Also in today's EMEA regional roundup: Deutsche Telekom extends cloud offer with Microsoft; Telia resists website-blocking order in Moldovia; what Google's ostracization of Huawei means for Europe.
Lots of noise from the Nordics today as both Ericsson and Nokia trumpet their selection by Japan's SoftBank as key vendors in the operator's 5G rollout. Ericsson will supply SoftBank with radio access network (RAN) gear for mid- and high-frequency 5G bands, allowing the operator to launch 5G services on its newly granted 3.9-4.0GHz and 29.1-29.5GHz bands for 5G New Radio (NR), while also bolstering its existing LTE network. Nokia, meanwhile, will see its 5G AirScale radio platform being deployed across Japan, helping SoftBank deliver "5G-enhanced" mobile broadband.
Deutsche Telekom is teaming up with Microsoft to expand its cloud services across nine countries in central and eastern Europe, from Poland to Greece. DT will offer standardized services based on Office 365, Azure and Dynamics 365, as well as complementing Microsoft's products with its own security packages. And it's making bold claims for its services -- it reckons enterprises could save between 30-50% of IT operations costs by ditching the on-premises approach and hopping on DT's cloud.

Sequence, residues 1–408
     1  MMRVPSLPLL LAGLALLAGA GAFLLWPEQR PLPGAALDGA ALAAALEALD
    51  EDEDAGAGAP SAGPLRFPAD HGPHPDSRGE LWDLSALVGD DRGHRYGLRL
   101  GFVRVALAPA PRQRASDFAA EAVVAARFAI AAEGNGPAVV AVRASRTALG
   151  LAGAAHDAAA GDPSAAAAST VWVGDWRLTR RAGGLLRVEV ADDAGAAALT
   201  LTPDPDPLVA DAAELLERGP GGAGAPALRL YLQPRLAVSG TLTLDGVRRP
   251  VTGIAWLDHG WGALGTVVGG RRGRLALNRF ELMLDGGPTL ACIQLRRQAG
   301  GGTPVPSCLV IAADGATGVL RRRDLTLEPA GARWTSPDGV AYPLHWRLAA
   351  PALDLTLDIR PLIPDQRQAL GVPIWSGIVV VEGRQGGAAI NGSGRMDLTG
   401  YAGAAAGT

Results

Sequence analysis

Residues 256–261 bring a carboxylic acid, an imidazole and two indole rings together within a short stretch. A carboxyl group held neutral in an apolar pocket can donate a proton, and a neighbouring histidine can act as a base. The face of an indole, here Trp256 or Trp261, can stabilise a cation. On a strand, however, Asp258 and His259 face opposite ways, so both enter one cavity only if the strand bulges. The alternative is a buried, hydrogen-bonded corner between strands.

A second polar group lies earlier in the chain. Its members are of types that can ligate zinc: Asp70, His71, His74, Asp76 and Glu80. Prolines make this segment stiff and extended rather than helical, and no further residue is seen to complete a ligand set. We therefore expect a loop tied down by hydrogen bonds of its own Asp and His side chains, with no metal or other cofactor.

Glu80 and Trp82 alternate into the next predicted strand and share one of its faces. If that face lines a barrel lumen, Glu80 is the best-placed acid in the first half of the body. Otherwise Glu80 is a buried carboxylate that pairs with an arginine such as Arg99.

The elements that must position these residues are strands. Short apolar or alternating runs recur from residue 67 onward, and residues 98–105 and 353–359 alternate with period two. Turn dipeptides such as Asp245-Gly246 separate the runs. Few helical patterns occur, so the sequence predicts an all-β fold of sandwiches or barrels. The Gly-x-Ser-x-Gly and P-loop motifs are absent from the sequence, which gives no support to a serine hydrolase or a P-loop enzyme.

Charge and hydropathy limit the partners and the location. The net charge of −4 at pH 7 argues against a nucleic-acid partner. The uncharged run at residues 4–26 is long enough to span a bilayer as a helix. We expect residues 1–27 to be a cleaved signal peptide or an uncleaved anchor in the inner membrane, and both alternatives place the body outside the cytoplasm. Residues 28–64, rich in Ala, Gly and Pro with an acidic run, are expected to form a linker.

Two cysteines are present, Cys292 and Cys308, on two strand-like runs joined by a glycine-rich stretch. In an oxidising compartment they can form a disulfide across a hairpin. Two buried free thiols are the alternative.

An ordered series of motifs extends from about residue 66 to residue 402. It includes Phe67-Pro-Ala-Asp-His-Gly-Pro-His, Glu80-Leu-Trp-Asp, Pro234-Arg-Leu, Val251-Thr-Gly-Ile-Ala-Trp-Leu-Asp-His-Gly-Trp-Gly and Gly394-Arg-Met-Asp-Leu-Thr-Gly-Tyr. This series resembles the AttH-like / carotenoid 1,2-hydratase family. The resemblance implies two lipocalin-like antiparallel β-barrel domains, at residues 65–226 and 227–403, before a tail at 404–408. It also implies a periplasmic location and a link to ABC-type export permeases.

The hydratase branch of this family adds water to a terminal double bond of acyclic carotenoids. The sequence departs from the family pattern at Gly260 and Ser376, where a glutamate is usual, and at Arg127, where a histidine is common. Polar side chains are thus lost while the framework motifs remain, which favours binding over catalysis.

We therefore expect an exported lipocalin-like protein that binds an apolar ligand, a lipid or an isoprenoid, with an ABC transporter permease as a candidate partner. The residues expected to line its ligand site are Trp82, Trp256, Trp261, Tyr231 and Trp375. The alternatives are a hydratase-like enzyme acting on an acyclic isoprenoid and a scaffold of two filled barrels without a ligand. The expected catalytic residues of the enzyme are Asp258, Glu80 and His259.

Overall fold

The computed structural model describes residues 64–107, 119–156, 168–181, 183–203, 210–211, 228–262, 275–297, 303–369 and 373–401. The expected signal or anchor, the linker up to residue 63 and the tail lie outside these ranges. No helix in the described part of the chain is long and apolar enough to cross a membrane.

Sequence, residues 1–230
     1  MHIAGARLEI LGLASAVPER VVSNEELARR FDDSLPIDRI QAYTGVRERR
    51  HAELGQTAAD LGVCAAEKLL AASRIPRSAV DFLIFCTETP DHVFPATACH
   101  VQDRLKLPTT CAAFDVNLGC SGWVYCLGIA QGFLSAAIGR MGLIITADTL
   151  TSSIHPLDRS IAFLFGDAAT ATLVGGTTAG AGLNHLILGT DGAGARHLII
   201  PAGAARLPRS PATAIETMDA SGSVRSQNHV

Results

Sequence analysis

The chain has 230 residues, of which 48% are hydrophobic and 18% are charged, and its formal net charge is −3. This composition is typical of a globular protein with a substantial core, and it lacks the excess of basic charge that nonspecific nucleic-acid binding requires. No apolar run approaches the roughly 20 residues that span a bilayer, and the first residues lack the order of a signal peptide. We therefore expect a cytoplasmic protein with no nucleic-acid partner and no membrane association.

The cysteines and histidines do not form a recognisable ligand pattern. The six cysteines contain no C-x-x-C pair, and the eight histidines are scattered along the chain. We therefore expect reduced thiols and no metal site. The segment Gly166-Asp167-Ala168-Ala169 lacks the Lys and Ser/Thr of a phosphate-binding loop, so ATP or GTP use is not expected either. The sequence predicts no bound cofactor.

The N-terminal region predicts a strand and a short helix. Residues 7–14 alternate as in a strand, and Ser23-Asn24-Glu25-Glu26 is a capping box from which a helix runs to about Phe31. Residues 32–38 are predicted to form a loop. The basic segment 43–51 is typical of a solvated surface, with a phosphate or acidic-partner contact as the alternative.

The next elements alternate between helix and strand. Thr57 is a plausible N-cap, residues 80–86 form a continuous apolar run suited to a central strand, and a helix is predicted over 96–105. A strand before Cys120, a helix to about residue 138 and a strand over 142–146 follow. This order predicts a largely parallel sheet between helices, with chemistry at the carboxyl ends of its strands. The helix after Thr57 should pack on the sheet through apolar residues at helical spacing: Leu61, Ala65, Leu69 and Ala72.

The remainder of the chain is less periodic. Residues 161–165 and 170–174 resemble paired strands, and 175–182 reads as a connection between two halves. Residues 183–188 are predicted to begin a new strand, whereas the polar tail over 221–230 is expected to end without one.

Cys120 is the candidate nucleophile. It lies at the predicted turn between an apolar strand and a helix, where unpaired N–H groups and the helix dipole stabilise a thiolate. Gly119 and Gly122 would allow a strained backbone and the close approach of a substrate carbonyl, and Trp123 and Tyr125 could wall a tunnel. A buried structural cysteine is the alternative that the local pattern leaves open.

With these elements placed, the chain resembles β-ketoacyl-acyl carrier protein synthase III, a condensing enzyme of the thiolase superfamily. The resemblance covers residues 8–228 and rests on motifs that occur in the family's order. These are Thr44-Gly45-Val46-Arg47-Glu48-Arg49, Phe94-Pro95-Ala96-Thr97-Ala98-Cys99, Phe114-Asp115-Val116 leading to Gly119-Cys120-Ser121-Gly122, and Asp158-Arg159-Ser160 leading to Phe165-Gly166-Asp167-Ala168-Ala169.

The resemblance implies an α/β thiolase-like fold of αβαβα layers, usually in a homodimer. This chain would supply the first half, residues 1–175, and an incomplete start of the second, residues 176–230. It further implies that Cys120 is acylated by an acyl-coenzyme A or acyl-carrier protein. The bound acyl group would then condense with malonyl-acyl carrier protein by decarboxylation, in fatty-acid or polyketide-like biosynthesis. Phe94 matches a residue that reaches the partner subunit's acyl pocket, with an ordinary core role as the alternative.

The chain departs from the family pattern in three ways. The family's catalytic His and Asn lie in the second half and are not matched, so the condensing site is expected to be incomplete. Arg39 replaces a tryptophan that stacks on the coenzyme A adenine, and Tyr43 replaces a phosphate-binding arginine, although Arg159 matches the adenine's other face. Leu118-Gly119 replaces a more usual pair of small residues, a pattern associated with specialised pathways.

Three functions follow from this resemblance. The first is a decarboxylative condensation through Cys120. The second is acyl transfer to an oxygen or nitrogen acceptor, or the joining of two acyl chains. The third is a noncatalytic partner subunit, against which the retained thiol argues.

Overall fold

Moldcell, Telia Company's unfortunately named Moldovian subsidiary, has successfully resisted a request from the country's police authority to block certain websites that were selling drugs. The operator, following guidance from Telia head office, deemed that the requesting authority failed to follow the correct legal procedure and requested that a judge look at the case. More than a year on from the original police request, the Moldovian Court of Appeal declared the blocking request was indeed unfounded. In a statement, Telia said: "As internet service providers, we are not to -- and will not -- take the role of legislator and court by deciding what is legal or not, nor act upon unauthorized requests. We will, however, act swiftly based on proportionate and necessary decisions by courts and legislators, based on the rule of law, on what is illegal and must be blocked."
A competition lawyer at global law firm DWF has piped up with his view on how Google's cold-shouldering of Huawei and its handsets could affect the European devices market. In Europe, says Christian Peeters, "Huawei is a serious contender accounting for around 20% of the market. Any measure limiting Huawei's ability to effectively compete in Europe threatens to result in a material reduction of the competitive constraint that other device manufacturers experience … Yet, the harm potentially resulting from the ban is not limited to the rather abstract concept of effective competition. Large numbers of European consumers might find themselves in a situation where the expensive smartphone they recently purchased loses key functionalities or cannot be kept up-to-date and safe to use." As Peeters points out, the world waits to see what the European Commission makes of Google's actions. (See Google & Tech Giants Cut Huawei Adrift.)
In other Google news, YLE reports that the search giant is to invest nearly €600 million ($669 million) in a new data center in Hamina, Finland, on the site of a former paper factory.